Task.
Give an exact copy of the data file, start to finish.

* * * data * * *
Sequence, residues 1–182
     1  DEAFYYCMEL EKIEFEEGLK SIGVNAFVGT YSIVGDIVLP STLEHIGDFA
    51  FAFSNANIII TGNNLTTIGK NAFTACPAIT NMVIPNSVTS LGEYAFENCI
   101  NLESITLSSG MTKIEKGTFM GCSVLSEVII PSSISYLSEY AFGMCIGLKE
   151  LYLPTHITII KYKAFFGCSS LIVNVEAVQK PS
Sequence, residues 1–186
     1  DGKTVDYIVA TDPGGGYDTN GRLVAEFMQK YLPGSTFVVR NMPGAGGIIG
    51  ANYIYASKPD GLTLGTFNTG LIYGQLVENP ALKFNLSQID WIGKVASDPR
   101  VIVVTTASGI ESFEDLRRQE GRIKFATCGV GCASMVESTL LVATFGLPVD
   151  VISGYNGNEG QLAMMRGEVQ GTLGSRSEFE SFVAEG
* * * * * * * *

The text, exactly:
Sequence, residues 1–182
     1  DEAFYYCMEL EKIEFEEGLK SIGVNAFVGT YSIVGDIVLP STLEHIGDFA
    51  FAFSNANIII TGNNLTTIGK NAFTACPAIT NMVIPNSVTS LGEYAFENCI
   101  NLESITLSSG MTKIEKGTFM GCSVLSEVII PSSISYLSEY AFGMCIGLKE
   151  LYLPTHITII KYKAFFGCSS LIVNVEAVQK PS
Sequence, residues 1–186
     1  DGKTVDYIVA TDPGGGYDTN GRLVAEFMQK YLPGSTFVVR NMPGAGGIIG
    51  ANYIYASKPD GLTLGTFNTG LIYGQLVENP ALKFNLSQID WIGKVASDPR
   101  VIVVTTASGI ESFEDLRRQE GRIKFATCGV GCASMVESTL LVATFGLPVD
   151  VISGYNGNEG QLAMMRGEVQ GTLGSRSEFE SFVAEG